I am loading a bunch of DisplayObjects and lining them up horizontally by grabbing their .width property and separating each by a certain margin. In doing so, I encountered a bizarre quirk in Flash. Sometimes, Sprites report a massively negative width ( -107373134.4, to be exact ). This occurs when I have attached a DisplayObject that has begun playing a NetStream but has not yet received metaData for the stream (a local .flv). My row gets all confused and places the next object at that massively negative location, which bungles up the rest of the view.
Okay, so the issue was coming from setting the position of the playhead based on the progress of the video before the video had made any progress. Rather than reporting the attempted access of an undefined value, flash decided to try to place the playhead in non-space. While theoretically cool, this prevents practical things from happening. A simple conditional statement fixed things if( video.progress > 0 ) position stuff.
Going back on my promise, I revisited my BitmapSmoke class and created something beyond cheesy. Move the mouse to position the heat/smoke source. Regardless, this one is all AS3 and was used primarily as a means to play around with displacement maps. The included Displacer class accepts a movie clip to displace and a map to displace it with, then updates the displacement every time you call run(). What's neat is that you can keep updating the map you passed in, thereby animating the displacement. Banners are looking better all the time.
Yesterday, I had to create a simple, versatile smoke effect in flash. The obvious choice was to use a BitmapData object as the drawing surface, since layering enough vector objects to obtain satisfying gradations of light and dark would eat all of the rendering power. As a solution to the problem, I created a simple BitmapSmoke class that accepts a container, dimensions, and any number of paired source shapes and emitters to generate the effect.
There are a few options for creating the effect. One is to successively apply a blur filter to the BitmapData (henceforth 'canvas'). This works quite well with only one emitter, as the background tends to dominate in successive blur passes (as demonstrated by Andy Zupko). However, when you have a lot of smoke occupying the canvas, you will overwhelm the background and blend everything up to your smoke colors. Instead of applying a blur filter, then, we can redraw the canvas onto itself with a transform on both position and color. By using a colorTransform to constantly reduce the alpha of the pixels in the image, we can guarantee we'll never encounter a whiteout. These techniques are not exclusive and I have taken advantage of both of them in generating my smoke effect. Included here are some randomly wandering particles that take advantage of a Vector3D class, the bitmap effects, and an .fla that implements them.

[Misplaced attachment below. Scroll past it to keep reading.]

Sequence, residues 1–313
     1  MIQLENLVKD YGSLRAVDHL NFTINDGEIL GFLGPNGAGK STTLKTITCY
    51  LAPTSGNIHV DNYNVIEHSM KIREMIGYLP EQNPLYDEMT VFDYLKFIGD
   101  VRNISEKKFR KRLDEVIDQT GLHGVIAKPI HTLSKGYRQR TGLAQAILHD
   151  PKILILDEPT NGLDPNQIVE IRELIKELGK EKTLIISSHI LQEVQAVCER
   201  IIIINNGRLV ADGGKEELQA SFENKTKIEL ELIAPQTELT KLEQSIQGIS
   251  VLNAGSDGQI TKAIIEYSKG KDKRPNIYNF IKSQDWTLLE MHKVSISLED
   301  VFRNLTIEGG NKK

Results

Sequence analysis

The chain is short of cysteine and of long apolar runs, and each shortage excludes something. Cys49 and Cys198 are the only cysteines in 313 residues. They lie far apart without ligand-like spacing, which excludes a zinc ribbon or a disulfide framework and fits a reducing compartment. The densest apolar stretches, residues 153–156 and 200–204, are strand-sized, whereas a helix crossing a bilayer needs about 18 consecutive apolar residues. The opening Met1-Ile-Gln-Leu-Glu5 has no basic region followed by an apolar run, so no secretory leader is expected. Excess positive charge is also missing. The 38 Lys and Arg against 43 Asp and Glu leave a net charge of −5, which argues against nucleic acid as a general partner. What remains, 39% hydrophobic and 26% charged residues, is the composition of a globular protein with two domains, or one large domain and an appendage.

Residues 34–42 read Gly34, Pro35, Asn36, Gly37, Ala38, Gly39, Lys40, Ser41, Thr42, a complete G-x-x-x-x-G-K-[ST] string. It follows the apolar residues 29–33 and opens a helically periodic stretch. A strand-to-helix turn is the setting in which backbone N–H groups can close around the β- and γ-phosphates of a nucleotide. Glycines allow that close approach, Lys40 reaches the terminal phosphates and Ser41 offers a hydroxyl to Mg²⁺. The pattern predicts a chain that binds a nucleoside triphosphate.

Unfortunately, the smoke effect was created for a banner and is consequently programmed in AS2. I'll post an AS3 version of the code if I can think of something that isn't completely cheeseball to use it for.
This Thursday, I will be giving the design team at Domani Studios an introduction to Processing as a design tool. This image is from a sketch I did today as a preparatory demo ( it uses for loops to draw a grid, getting colors per-square from an image ). I’ll post documentation of the introduction in the form of an expanded outline after Thursday.
I pulled together a quick design for the Ava Luna demo cd today, and we used the Hernandez’s printer to shoot it onto vellum that we lovingly inserted into the slim jewel cases by hand. Carlos is trying to get our name out among nyc bands so we can join up with them for shows around town (anyone interested can leave a comment…). There are more ava luna photos up on flickr, including one of carlos operating the paper-cutter.
The graphic was created using a two-dimensional l-system. Lindenmeyer systems are grammar-rewriting systems originally created to simulate plant growth. As one part of the plant, like a bud, will generally resolve into another part, like a flower (which in turn yields leaves), you can iteratively rewrite the description of the plant by following a set of rules at each step in the plant’s life. Instead of replacing young plant parts with mature ones, I replaced directions (like right, left, up and down) with lengthier directions at each step (like move left then turn around). You can read much more about l-systems and other recursive structures in The Algorithmic Beauty of Plants. I implemented the l-system interpreter and turtle renderer in processing. I’ll post source code if anyone is interested.